Canadian dollar falls on fears of US protectionism
James Chen, CMT January 18, 2017 9:31 PM
The central bank also stated that US President-elect Donald Trump’s expected protectionist trade stance would have a significantly negative impact on the Canadian economy, but that it would hold off on a rate cut for the time being amid considerable uncertainties ahead of the new US president entering office.
Components of the anticipated Trump-style protectionism that are most relevant to Canada’s economy would be Trump’s threats of a sizable border tax and the US renegotiation of or withdrawal from the North American Free Trade Agreement (NAFTA). Canada is heavily dependent on trade with the US, and US trade policy is consequently critical to the Canadian economy.
With the BoC hinting at a future rate cut that would be tied in part to trade policies of the incoming US administration, the Canadian dollar took a significant hit just as the US dollar rebounded after several days spent within a sharp pullback. The combination of a surging US dollar and sliding Canadian dollar helped boost USD/CAD well off major psychological support around the 1.3000 handle. The 1.3000 level has served as key support for at least the past four months as USD/CAD has bounced in a trading range between 1.3000 and 1.3600.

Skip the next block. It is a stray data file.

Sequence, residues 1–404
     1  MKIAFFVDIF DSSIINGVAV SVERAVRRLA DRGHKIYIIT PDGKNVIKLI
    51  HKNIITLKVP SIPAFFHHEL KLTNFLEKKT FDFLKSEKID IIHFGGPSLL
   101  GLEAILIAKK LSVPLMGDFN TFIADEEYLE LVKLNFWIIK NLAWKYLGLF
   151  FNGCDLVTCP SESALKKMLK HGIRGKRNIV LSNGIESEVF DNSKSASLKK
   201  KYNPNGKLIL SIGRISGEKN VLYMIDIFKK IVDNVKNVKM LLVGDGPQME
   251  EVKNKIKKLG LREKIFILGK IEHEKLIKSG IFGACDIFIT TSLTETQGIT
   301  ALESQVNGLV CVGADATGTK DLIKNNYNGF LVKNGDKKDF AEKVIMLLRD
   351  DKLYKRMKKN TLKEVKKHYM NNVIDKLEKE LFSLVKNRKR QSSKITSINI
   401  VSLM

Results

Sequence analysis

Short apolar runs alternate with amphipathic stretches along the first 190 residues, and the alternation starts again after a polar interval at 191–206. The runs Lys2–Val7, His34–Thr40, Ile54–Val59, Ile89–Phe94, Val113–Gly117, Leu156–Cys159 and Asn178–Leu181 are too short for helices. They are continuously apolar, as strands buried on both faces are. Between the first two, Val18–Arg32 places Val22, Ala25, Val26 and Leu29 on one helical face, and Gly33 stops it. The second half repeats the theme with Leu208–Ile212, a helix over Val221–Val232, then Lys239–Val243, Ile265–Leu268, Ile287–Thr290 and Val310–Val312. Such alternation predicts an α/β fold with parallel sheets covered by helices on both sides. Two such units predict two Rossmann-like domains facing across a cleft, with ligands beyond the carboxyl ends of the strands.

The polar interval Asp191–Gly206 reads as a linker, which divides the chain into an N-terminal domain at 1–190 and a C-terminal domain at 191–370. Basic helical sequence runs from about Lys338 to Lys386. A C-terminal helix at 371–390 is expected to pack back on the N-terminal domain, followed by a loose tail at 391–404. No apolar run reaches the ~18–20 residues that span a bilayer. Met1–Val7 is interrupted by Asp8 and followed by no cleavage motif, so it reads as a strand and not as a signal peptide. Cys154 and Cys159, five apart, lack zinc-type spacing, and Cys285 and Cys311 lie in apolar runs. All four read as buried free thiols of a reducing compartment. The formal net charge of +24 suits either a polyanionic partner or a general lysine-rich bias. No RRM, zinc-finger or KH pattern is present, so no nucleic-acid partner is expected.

Aside from the Bank of Canada, crude oil prices also play an important role in Canadian dollar movement. Fears that increased US oil production could mitigate the effects of the recent OPEC deal to cut oil production have recently been weighing on crude oil prices. If this continues to be the case, the Canadian dollar could be pressured even further. In the event that the 1.3000 level continues to hold, an extended bounce within the current trading range could push USD/CAD back up to target range resistance around the noted 1.3600 level.
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